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USEC Ports in Deep Trouble -Drewry

Great changes lie ahead in the trade lane between Europe and the US East Coast/US Gulf, but to what extent will its ports be up to the job, and what are the implications for shippers?

By MarEx 2014-03-12 12:23:00

Recent clarification of the port rotations of G6’s proposed services between Northern Europe and US East Coast/US Gulf from 2Q 14 underlines the great changes that are in the making in the Transatlantic. If all goes according to plan, Hapag-Lloyd, OOCL, NYK, HMM, APL and MOL will offer just three jointly run schedules from 2Q 14. And Maersk, MSC and CMA CGM will provide another three within the P3 alliance, in addition to two between the Mediterranean and USEC/USGC, assuming regulatory approval.

In theory, this means that much larger ships over 8,000 teu could replace the vessels between 3,500 teu and 6,500 teu currently deployed, subject to USEC/USGC ports being able to handle them satisfactorily. It would be a natural progression, as today’s ships are already a third larger on average compared to 2006 (see Figure 1). Ocean carriers also desperately need greater economies of scale; few can be making any money, as evidenced by the withdrawal of Zim Line last year, and Hanjin in May this year.

Figure 1
Average Headhaul Vessel Size: North Europe-USEC Trade Route, 2006-13 (teu)

Source: Drewry Maritime Research

Source: Drewry Maritime Research

The problem is that many USEC/USGC ports have been gearing themselves up for the arrival of deep draught ships over 8,000 teu from the middle of 2015, when the new Panama locks were originally due to open, not 2Q 14.

Tables 1 and 2 show how the G6 and P3 alliances plan to start their respective Transatlantic schedules in 2Q 14, although, interestingly, neither have yet confirmed the size of vessels involved.  These include G6 calls in New York/New Jersey, Norfolk, Charleston, Savannah, Port Everglades, New Orleans and Houston, and P3 calls in New York/New Jersey, Boston, Baltimore, Norfolk, Charleston, Savannah, Miami, New Orleans, Mobile and Houston. The P3’s Mediterranean services will also call at Port Everglades.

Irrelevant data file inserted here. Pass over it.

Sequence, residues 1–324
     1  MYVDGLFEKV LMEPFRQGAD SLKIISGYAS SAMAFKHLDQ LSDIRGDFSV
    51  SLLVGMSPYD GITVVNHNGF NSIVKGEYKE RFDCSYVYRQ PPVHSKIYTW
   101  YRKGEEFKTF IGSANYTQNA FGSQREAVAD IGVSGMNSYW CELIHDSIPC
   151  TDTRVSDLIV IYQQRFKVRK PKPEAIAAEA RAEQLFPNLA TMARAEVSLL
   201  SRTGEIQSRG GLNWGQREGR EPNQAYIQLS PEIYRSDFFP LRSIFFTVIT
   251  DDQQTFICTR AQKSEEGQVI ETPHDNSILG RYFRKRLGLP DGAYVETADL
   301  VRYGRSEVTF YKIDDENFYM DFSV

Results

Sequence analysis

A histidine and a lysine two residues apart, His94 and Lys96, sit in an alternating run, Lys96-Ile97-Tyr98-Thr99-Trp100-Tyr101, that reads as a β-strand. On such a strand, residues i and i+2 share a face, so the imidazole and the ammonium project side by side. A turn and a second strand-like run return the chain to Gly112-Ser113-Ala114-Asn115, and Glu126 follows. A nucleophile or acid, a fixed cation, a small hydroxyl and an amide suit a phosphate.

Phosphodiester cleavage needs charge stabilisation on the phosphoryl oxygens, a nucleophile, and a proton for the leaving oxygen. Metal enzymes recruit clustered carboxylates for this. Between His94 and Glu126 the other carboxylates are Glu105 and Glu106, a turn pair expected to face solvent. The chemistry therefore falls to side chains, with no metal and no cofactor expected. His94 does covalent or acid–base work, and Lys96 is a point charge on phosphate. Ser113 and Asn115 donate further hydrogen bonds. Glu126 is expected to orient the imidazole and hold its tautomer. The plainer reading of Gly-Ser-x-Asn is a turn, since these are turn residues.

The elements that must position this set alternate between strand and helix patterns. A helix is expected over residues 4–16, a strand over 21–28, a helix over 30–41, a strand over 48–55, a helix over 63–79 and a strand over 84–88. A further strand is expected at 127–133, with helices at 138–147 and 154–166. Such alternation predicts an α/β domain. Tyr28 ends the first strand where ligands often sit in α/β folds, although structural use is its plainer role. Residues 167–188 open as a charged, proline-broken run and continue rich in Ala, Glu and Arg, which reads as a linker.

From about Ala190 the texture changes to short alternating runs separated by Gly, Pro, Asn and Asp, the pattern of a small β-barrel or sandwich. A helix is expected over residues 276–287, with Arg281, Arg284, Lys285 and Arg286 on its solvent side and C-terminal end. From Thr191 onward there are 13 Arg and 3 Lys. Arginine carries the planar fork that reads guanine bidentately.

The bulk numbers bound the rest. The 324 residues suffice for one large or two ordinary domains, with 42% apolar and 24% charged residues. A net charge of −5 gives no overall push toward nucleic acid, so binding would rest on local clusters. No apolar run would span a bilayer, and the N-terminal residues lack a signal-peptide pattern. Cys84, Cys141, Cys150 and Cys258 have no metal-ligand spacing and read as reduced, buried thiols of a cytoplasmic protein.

Table 1
Port Calls of Proposed G6 Transatlantic Services

* Also Veracruz and Altamira in Mexico Note: Two further services linking Asia-USEC-North Europe via Panama are also planned Source: Hapag-Lloyd

* Also Veracruz and Altamira in Mexico
Note: Two further services linking Asia-USEC-North Europe via Panama are also planned
Source: Hapag-Lloyd

Table 2
Port Calls of Proposed P3 Transatlantic Services

* Also calls Freeport, Altamira and Veracruz ** Also calls Freeport Source: Maersk Line

* Also calls Freeport, Altamira and Veracruz
** Also calls Freeport
Source: Maersk Line

The main USEC ports already handle ships of over 9,000 teu on Asian all-water services via Suez. However, inbound cargo tends to consist of relatively low weight consumer goods, and outbound vessels have significant empties aboard, so maximum draught is never reached. On the Transatlantic route, cargoes tend to consist of heavier industrial goods, plus the trade flow is relatively balanced, meaning inbound and outbound vessels can be well laden. Fully laden with heavy cargo, a typical 8,000 teu vessel has a draught of around 14.3 meters (47ft) which, with underkeel clearance, would require channel depth of at least 49ft (14.9m).  This brings into focus the status of each USEC port’s dredging program.